you could have said the same of Nokia/Symbian just a few short years ago….and people thought BB would do the same. This market is never stagnant and rarely predicatable over the long term. Android has one the battle but the war is still there for the winning

      • Cfurytheazzhat

        Still trolling huh?

      • Bob Beechey

        “Everybody was running to the store to upgrade it” and so were many people who were ready to move from XP and many first time users.
        “Microsoft is loosing on every front” – why is this grammatical howler becoming so common? You mean “losing”.
        If I “loose” my belt, my trousers will fall down.
        If I “lose” my belt, the damn thing has gone missing.
        “Nobody wants a Windows phone” – yes, except for those who do!

    • Anonymous

      Take a look at the Q1 PC shipment numbers, Microsoft’s Windows revenue for the corresponding quarter (down 4%), and the impact of the iPad on sales of low-end Windows PCs. 

      http://www.geekwire.com/2011/revenge-ipad-traditional-pc-market-tanks-q1

      But more than those numbers, I was referring to the bigger picture. As I mention at the outset of the post, the approach to Windows 8 reflects the fact that the technology world has gone mobile. Microsoft’s primary entrant in the mobile world, Windows Phone, is struggling to gain traction. In a market that matters perhaps the most for the future, Microsoft has been in decline.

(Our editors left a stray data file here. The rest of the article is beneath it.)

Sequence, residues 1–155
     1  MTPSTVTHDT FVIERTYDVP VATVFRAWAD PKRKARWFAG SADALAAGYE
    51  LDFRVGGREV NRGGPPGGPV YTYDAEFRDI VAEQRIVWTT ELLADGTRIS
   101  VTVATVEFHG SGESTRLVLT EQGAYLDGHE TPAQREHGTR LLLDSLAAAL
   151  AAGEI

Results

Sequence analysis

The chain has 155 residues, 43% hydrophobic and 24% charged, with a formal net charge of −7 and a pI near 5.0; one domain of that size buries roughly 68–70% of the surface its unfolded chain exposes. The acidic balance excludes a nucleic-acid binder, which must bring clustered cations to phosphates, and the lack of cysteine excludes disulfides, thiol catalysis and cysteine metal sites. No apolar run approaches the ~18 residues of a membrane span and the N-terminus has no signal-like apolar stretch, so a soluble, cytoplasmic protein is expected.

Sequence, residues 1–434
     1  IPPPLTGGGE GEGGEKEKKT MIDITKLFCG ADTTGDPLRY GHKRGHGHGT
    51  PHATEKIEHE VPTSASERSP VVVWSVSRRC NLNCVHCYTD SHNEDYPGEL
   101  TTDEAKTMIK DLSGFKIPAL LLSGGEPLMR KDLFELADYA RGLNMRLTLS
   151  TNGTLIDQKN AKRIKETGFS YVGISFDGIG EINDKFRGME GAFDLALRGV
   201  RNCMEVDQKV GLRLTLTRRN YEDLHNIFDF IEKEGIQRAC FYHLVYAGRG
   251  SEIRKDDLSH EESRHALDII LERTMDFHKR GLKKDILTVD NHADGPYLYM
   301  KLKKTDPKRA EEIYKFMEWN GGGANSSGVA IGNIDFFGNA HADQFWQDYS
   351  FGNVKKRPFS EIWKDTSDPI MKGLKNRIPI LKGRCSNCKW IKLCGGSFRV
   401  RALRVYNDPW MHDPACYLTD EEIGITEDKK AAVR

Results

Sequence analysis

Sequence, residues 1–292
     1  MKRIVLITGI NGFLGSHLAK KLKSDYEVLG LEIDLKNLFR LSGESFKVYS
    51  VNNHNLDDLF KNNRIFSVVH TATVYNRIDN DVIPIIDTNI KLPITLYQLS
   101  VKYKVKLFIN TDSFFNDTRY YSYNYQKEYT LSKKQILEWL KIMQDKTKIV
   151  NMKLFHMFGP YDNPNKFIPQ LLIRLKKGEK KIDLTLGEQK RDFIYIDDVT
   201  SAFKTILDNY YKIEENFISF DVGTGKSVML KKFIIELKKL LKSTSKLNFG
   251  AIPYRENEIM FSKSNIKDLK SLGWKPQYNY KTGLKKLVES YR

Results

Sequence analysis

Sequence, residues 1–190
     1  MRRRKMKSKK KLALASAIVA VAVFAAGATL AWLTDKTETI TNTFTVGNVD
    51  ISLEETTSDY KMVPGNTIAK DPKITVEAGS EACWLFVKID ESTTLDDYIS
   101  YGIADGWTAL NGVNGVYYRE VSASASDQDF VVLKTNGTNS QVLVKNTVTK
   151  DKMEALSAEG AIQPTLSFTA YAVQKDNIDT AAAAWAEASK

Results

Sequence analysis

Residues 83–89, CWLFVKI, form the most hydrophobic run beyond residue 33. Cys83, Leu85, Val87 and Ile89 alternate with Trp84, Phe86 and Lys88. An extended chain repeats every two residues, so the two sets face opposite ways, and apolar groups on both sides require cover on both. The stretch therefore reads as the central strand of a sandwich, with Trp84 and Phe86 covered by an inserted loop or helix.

http://www.geekwire.com/2011/data-windows-phone-trails-pack-q1

      If Windows 8 succeeds in its attempt to adapt to changing user habits, it could be a big win for Microsoft. If not, it’s a problem.

      • Gary Voth

        “Windows Phone is struggling to gain traction.” 

        True enough, but I suspect not due to the quality of the product itself. Windows Phone is already an exceptionally consumer-friendly product, vastly improved over previous Microsoft mobile offerings, with what looks to be a promising roadmap.  It already bests Android in overall user satisfaction according to a recent PC Magazine reader survey, and the Samsung Focus is rated ahead of the iPhone 4 among the magazine’s readership:

        http://www.pcmag.com/article2/0,2817,2385636,00.asp

        Microsoft is stuggling in mobile because of a brand-image problem, but given continued good execution and time, I think that consumers, carriers and hardware partners will recognize the potential of the platfrom. 

        Since Windows 8 and Windows Phone will share a common design language and (no doubt) common connected experiences, millions more people will become familiar with it, and if Windows 8 is a sales success on touch-centric devices it should drive sales of the phone in the same way that the success of iOS devices is driving sales of Macs.

        As you point out, there is a lot of risk in scaling Windows down to mobile devices: will it be as elegant and cost effective as the “pure mobile” competition?  Will consumers accept the new ‘Metro” UI paradigm, which is so different than iOS and Android?  I don’t know yet, but I think the company has to “go big or go home”, and this feels like a “go big” move to me.

      • Gary Voth

        “Windows Phone is struggling to gain traction.”